Notre Dame head coach Marcus Freeman went out of his way to clarify the situation concerning junior wide receiver Lorenzo Styles on Saturday. He doesn’t want anyone, including Styles himself, getting the wrong idea about the former top-10 wide receiver recruit in the country.
Styles spent some time at cornerback in Wednesday’s practice. How much time? Freeman chuckled when thinking about it. Then he said Notre Dame’s sports information director told him that there was a stir in the media about Styles’ defensive rep.
Err, rep. Singular.
“How much did you guys see him at DB the other day?” Freeman asked the room full of reporters. “One play? One play.”
That’s all it was.
Styles went through some individual drills with the corners earlier in the practice, but none of those reps were spent covering Notre Dame wide receivers. The only one of that nature was against freshman Jaden Greathouse in one-on-ones. Styles locked him up and forced an incomplete pass.
Then he spent the rest of the day at his usual position on offense. Freeman said Styles exclusively played wide receiver in Saturday’s scrimmage, too. The potential position swap is in its infant stages. The baby is still crawling. An actual word has yet to be uttered. Around the clock supervision is still required.
“We’re kind of experimenting a little bit with him,” Freeman said. “I think he has a lot of athletic abilities that could really help on both sides of the ball. The problem is he hasn’t spent a lot of time in the defensive film room with the defensive coaches.”
The extent of Styles playing corner so far is no more than Freeman telling him to every once in a while go get one rep — one play — on the other side of the field.
“The one rep he got the other day was a really good rep, and I told him, ‘Hold on now. This road to where you want to go is bumpy on either side of the ball,’” Freeman said. “It isn’t always going to be that easy.”
Hence, the reason Styles is in this situation in the first place.
He’s fallen down the depth chart to second-team status at best. Fellow juniors Deion Colzie and Jayden Thomas as well as sophomore Tobias Merriweather have been the top three Notre Dame wideouts this spring. Styles has been jockeying for position with the likes of senior Chris Tyree, a converted running back, and a trio of true freshmen early enrollees. Greathouse, Rico Flores Jr. and Braylon James have all shown flashes that have exceeded those of Styles in the last three weeks.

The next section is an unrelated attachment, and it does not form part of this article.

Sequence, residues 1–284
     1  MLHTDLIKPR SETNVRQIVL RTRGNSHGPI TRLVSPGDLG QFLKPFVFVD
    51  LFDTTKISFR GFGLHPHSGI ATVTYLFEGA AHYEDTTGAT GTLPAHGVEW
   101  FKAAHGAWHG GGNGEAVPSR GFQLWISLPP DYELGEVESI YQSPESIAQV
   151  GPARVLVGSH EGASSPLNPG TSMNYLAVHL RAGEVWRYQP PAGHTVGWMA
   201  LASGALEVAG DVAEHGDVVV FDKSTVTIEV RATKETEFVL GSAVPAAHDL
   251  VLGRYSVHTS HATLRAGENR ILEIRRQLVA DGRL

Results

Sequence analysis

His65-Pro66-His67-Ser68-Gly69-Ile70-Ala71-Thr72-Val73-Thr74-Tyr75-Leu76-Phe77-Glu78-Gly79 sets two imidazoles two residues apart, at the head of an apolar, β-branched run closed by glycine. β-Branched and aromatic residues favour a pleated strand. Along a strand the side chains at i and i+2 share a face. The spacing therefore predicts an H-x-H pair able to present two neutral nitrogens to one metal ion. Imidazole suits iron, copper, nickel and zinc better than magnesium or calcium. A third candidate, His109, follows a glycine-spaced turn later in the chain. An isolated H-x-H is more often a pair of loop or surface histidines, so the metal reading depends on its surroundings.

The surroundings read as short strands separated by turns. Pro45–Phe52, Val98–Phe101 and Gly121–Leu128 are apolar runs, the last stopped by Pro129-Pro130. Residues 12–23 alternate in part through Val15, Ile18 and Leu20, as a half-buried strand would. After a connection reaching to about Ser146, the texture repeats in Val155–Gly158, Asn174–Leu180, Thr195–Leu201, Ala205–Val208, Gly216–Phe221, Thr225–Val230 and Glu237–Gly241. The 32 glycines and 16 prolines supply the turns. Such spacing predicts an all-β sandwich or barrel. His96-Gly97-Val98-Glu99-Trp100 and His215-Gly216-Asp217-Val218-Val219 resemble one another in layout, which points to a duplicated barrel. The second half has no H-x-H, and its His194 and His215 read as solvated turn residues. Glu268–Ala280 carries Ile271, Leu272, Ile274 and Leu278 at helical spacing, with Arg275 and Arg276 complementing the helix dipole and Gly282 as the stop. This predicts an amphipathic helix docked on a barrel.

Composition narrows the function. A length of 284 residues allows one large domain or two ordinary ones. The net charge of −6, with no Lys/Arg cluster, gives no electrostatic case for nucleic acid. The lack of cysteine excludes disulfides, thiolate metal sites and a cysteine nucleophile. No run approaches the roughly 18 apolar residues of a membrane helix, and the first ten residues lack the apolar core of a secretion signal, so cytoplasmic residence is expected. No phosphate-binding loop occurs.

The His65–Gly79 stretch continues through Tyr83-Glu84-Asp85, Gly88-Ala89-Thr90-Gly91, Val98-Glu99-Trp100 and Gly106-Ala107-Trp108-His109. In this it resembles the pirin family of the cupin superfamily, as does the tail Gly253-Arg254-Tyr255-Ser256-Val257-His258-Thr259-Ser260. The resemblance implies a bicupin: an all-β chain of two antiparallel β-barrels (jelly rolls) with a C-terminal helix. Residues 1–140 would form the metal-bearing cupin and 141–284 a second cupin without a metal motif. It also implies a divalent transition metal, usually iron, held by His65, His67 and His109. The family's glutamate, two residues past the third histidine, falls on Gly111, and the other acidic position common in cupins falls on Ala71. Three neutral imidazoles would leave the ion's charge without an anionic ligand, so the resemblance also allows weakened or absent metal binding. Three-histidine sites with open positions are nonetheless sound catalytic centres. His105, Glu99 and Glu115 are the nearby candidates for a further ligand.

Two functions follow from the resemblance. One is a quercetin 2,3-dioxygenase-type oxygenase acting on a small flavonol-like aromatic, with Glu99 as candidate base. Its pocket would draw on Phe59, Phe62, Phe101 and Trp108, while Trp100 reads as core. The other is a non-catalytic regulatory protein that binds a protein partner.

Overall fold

The athleticism that made Styles a freshman revelation two years ago hasn’t up and left him. He’s presumably still the same guy physically who caught 24 passes for 344 yards and a touchdown in his first year of college ball. But he’s also the same guy mentally who followed that up with a disappointing showing with 30 catches for 340 yards and a touchdown as a sophomore.
Styles had more dropped passes (6) than any other Notre Dame pass-catcher last year. He couldn’t get loose downfield outside of his 30-yard TD vs. North Carolina. He wasn’t the playmaker everyone expected him to be as a second-year player, plain and simply.
Now the Irish wide receiver room is as deep as it’s ever been, even with Virginia Tech transfer Kaleb Smith medically retiring from football. He announced his decision Saturday. Another Kaleb Smith, a freshman from Frisco (Texas) Reedy High School, is on the way this summer. Styles’ place as a Notre Dame wideout is murky at best. So that’s why Freeman said he’ll continue to get reps — more than one play — at corner in the next week.
And he might even show what he’s got as a corner in April 22’s Blue-Gold Game. That’s music to defensive coordinator Al Golden‘s ears, who said he’d take him on defense full-time if that’s what Freeman decided. That’s a decision that could certainly be made this offseason considering the circumstances and considering Freeman’s own history as a college football player. He was a linebacker at Ohio State, of course.
“Coming from my background, I told him a see a lot of traits he possesses that really could resonate on the defensive side of the ball,” Freeman said. “But I want it to be his decision. I want him to feel good about what position he’s playing.”
Freeman added, “I’ve always just kind of put that carrot in his ear. But it was him ultimately that said, ‘OK, I want to try it, coach. I know you’ve said it and said it.’ We’ll see next week what we decide to do with him.”
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